In today’s reading, Jesus is recorded as praying to his Father that his followers will be ‘sanctified by the truth’.  As I said just now, this comes after promising that the Holy Spirit would lead them into all truth.  This is a bold claim, from the writer of John’s gospel.  He puts in Jesus’ mouth the thought that sanctification (which is another word for salvation) will be achieved by the Truth.  In other words, Truth saves us.  It is also John who gives us the memorable phrase from Jesus’ lips, ‘I am the Way, the Truth and the Life’.    ‘But what is this Truth?’ as Pilate asked.  How shall we know which of the many truth claims from all the world religions is the one we should pay most attention to?

John offers us his answer to that question.  He quotes Jesus saying ‘your word is truth’.  Which might make some of us run scurrying for our Bibles.  But this same John, who puts those words in Jesus’ mouth, is also the author of the great prologue to his own Gospel.  You know the one:  ‘in the beginning was the word, and the word was with God, and the word was God’.  There’s a beautiful circular logic to what John is saying.  He’s saying that Jesus points us to truth via God’s Word, who turns out to be Jesus himself!  But the trouble with circular logic is that it has a tendency to crumble quickly under the weight of intellectual scrutiny.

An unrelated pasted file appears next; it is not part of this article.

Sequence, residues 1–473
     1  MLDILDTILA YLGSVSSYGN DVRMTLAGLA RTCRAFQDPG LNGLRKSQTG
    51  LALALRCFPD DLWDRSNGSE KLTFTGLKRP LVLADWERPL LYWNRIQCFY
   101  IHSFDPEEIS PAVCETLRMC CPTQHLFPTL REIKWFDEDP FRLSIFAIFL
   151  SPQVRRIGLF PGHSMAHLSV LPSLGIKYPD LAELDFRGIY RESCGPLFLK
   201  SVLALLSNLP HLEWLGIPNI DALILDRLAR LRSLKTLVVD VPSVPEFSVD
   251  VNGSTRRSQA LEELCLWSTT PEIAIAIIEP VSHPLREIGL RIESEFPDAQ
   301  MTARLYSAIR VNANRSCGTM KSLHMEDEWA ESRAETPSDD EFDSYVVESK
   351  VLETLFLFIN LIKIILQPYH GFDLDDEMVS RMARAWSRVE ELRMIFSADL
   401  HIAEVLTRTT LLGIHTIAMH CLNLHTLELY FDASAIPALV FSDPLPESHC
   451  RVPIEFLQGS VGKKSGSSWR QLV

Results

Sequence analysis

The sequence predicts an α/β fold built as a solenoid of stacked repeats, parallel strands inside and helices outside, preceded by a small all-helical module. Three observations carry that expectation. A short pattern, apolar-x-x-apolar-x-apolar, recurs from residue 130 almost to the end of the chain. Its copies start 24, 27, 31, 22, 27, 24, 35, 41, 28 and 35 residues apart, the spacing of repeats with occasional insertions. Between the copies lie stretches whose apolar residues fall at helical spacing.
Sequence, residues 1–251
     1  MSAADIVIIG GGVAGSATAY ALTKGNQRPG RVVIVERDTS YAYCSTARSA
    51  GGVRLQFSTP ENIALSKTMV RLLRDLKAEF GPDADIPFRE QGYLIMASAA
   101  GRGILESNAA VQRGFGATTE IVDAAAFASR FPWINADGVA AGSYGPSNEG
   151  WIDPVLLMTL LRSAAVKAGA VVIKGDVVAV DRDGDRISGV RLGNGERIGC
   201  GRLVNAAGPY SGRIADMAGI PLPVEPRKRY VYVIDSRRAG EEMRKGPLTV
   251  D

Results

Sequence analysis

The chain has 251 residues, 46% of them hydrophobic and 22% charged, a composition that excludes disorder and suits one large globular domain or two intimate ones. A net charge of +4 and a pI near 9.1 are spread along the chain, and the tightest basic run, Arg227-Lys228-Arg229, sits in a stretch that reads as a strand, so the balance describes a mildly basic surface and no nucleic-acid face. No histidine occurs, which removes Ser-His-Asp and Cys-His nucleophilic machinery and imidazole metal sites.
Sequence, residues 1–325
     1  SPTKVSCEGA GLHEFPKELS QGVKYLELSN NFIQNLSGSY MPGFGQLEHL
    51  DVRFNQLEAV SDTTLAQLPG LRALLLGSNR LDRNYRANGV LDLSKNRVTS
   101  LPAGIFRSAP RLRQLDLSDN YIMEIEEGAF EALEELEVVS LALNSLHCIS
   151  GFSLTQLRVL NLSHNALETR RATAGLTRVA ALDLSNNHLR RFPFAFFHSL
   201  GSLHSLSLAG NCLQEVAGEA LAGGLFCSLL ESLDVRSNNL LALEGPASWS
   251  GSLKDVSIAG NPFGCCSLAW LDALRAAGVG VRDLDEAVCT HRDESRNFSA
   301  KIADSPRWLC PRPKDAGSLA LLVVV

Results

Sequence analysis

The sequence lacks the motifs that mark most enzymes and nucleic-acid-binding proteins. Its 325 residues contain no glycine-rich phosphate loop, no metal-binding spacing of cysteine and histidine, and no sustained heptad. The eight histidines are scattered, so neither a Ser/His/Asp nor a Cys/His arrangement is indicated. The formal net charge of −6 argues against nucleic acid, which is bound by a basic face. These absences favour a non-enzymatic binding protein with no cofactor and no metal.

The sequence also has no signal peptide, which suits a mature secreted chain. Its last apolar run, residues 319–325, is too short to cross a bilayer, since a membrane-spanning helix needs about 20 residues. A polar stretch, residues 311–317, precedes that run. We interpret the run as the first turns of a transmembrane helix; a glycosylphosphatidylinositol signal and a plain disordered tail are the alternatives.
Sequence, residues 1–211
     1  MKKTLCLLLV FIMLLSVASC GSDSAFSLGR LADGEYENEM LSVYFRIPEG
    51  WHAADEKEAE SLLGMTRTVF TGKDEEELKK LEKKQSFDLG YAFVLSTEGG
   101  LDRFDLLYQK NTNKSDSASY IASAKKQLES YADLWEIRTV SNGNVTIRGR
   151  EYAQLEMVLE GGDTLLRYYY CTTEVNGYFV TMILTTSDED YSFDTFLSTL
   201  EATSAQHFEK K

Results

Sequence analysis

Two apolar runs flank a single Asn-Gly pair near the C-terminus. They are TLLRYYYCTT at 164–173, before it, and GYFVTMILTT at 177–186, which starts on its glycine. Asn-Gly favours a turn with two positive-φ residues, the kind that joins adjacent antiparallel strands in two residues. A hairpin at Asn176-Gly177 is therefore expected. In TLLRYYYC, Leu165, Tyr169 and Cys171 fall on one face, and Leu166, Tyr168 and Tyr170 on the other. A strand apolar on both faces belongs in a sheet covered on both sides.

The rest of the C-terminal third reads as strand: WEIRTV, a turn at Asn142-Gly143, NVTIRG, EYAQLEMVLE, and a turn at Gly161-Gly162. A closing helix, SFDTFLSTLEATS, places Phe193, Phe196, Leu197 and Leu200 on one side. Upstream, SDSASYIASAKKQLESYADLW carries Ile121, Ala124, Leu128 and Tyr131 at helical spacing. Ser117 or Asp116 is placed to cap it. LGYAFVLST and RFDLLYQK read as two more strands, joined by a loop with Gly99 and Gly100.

Take, for example, those Christians who believe that the whole Bible (and not just the words of Jesus) is the Word of God.  They point to various passages, such as the famous line in the second letter to Timothy, claiming that all Scripture is God-breathed (and is therefore the ultimate source of truth).  But this is a circular argument.  How do you prove that the Bible is the Word?  By pointing to the bits of the Bible that say it is!  To use an analogy, I could claim that I am a thin man.  How can I prove this to you?  By writing the words ‘I am a thin man’ in elegant writing on a piece of ancient parchment.  Then you have to believe me…whatever your eyes are telling you!